Monthly Archives: October 2012

Morning ride

The view from Skyline Boulevard this morning… …hard to compare! Oh, and how I missed this guy: One of the best things about living in Berkeley were the ever changing views of the bridge. The varying shades of fog, the … Continue reading

Posted in random | Tagged , | 1 Comment

FOCS 2012

FOCS 2012 just took place in New Brunswick, and it was a lot of fun. Instead of commenting on the food, which was already debated enough on site, here are a few randomly selected highlights from the talks. Constructive Discrepancy … Continue reading

Posted in Uncategorized | 1 Comment

Levin and the Church-Turing thesis

FOCS 2012 had a special session today dedicated to the award of the Knuth prize to Leonid Levin, in recognition of four decades of visionary research in complexity, cryptography, and information theory. Levin was introduced by Joan Feigenbaum, who honored … Continue reading

Posted in Conferences, Talks | Tagged , , , | 3 Comments

It happens in real life too

Everyone’s heard one of these legendary horror stories, in which this weird-looking guy at the back of the room sleeps through your whole Ph.D. dissertation talk…but when question time comes, stands up, and asks whether you’ve heard of the work … Continue reading

Posted in Uncategorized | 3 Comments

Morning ride

Early morning, just off the minuteman… And a little later in Lincoln. It’s not obvious from the picture, but the sun is only about to show up! When are we switching to daylight wasting time, that I get my sunrise … Continue reading

Posted in random, Uncategorized | Tagged , | Leave a comment

Tsirelson’s bound

Boris Tsirelson (or Cirel’son, or Цирельсон, or צְיךרלסון) is an Israeli (born Russian) mathematician currently at Tel-Aviv university. Here is the picture from his Wikipedia entry: he has such an incredible stare, he irresistibly reminds me of Orson Welles (picture … Continue reading

Posted in CHSH | Tagged , , | 12 Comments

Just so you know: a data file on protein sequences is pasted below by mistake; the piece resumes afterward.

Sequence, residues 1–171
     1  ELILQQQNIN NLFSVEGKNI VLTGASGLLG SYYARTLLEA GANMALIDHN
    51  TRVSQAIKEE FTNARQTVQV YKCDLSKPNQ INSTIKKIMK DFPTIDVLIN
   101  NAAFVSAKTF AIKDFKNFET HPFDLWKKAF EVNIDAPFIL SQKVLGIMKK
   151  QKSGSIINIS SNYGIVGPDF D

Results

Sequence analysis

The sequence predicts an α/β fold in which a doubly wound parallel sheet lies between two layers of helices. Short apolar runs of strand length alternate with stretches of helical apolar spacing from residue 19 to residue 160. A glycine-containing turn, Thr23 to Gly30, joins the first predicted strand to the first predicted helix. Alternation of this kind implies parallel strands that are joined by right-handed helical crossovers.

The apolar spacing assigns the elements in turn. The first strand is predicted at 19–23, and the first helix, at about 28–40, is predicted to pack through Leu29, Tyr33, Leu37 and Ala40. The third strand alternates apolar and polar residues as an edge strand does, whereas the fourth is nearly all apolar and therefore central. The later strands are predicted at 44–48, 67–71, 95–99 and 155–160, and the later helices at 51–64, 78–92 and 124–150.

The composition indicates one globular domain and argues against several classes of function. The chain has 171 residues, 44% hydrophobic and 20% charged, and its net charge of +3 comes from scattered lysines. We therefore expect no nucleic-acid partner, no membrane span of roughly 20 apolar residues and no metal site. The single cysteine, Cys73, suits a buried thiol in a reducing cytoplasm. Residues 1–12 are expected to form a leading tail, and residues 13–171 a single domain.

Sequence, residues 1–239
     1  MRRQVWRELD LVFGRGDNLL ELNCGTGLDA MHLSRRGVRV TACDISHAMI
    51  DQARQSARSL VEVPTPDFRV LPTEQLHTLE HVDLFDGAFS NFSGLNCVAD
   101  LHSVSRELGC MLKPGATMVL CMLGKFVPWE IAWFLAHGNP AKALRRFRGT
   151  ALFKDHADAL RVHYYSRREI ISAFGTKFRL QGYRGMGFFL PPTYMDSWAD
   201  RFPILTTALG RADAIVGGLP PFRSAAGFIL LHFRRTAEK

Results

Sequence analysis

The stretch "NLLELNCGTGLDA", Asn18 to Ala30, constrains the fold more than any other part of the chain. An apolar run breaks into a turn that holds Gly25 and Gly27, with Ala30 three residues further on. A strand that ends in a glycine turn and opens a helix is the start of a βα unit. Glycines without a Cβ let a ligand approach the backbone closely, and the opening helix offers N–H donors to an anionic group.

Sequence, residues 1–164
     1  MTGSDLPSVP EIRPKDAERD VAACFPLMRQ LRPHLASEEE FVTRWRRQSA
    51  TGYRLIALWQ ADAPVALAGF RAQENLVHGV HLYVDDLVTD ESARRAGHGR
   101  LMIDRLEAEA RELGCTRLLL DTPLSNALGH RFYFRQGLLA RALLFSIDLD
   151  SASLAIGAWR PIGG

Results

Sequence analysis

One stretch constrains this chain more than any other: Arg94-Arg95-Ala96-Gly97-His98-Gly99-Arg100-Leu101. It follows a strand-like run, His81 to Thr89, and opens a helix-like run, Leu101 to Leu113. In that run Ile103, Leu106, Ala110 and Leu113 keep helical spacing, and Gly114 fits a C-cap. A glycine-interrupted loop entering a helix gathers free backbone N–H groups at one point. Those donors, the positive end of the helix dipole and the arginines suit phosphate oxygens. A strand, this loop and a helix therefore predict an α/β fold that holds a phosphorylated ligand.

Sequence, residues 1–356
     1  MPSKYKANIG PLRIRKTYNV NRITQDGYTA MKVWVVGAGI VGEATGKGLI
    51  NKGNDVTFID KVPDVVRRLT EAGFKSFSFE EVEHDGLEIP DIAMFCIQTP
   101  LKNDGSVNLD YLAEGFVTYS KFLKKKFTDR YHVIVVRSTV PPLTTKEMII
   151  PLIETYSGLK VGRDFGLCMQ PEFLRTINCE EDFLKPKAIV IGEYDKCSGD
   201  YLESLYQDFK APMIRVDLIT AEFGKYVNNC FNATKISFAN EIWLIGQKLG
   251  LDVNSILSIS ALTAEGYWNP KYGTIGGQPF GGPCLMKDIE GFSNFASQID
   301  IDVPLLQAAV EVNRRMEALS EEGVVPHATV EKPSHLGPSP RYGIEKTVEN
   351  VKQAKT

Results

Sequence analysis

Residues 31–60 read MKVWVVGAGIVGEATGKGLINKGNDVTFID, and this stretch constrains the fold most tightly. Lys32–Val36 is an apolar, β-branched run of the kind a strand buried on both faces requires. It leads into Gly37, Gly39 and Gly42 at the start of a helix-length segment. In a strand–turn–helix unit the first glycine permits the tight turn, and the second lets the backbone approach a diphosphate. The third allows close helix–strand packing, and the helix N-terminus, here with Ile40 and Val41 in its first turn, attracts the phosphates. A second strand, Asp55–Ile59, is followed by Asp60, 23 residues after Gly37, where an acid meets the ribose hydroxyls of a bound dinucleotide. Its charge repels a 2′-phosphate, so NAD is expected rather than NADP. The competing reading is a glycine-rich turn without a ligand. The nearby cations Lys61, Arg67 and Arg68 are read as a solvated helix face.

The Physics Nobel prize has just been announced. It goes to Serge Haroche and David Wineland, “for ground-breaking experimental methods that enable measuring and manipulation of individual quantum systems”. Not quite Aspect’s experiments on nonlocality, but not too far either…in any … Continue reading

Posted in Uncategorized | Leave a comment

Theory retreat

This year, grad students in MIT’s theory of computing group were organizing their first theory retreat. The idea is that the students go on a trip together over a a long week-end, have some fun, maybe even discuss some research, … Continue reading

Posted in random, Tourism | Tagged , , | Leave a comment

Connectomics: mapping the brain

Today was the first talk in a seminar series organized by MIT’s theory of computation group and entitled “Theory and beyond”. The talk was given by Jeff Lichtman  from Harvard, and it was absolutely excellent. So, although I was going … Continue reading

Posted in Talks | Tagged , , , , | 6 Comments

A good year for nonlocality?

I just started reading a beautiful paper by Ben Reichardt, Falk Unger, and Umesh Vazirani that recently appeared on the arXiv, with the tongue-in-cheek title “A classical leash for a quantum system” (and the maybe less entertaining subtitle “Command of … Continue reading

Posted in Uncategorized | Tagged , , | 3 Comments